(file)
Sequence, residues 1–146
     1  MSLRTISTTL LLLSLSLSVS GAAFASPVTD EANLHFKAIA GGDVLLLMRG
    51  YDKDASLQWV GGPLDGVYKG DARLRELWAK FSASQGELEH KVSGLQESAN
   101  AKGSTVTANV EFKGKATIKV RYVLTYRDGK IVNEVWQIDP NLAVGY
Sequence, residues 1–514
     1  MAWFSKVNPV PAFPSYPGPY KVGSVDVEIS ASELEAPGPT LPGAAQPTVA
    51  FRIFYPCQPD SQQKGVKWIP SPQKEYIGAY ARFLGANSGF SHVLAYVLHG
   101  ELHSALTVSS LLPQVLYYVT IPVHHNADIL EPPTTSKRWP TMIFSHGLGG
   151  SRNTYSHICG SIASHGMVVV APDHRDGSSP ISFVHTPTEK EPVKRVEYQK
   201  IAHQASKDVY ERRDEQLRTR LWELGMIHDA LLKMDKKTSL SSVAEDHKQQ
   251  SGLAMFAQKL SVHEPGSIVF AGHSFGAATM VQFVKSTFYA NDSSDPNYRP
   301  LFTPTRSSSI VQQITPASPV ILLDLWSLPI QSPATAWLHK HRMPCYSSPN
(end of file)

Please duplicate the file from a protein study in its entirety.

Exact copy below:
Sequence, residues 1–146
     1  MSLRTISTTL LLLSLSLSVS GAAFASPVTD EANLHFKAIA GGDVLLLMRG
    51  YDKDASLQWV GGPLDGVYKG DARLRELWAK FSASQGELEH KVSGLQESAN
   101  AKGSTVTANV EFKGKATIKV RYVLTYRDGK IVNEVWQIDP NLAVGY
Sequence, residues 1–514
     1  MAWFSKVNPV PAFPSYPGPY KVGSVDVEIS ASELEAPGPT LPGAAQPTVA
    51  FRIFYPCQPD SQQKGVKWIP SPQKEYIGAY ARFLGANSGF SHVLAYVLHG
   101  ELHSALTVSS LLPQVLYYVT IPVHHNADIL EPPTTSKRWP TMIFSHGLGG
   151  SRNTYSHICG SIASHGMVVV APDHRDGSSP ISFVHTPTEK EPVKRVEYQK
   201  IAHQASKDVY ERRDEQLRTR LWELGMIHDA LLKMDKKTSL SSVAEDHKQQ
   251  SGLAMFAQKL SVHEPGSIVF AGHSFGAATM VQFVKSTFYA NDSSDPNYRP
   301  LFTPTRSSSI VQQITPASPV ILLDLWSLPI QSPATAWLHK HRMPCYSSPN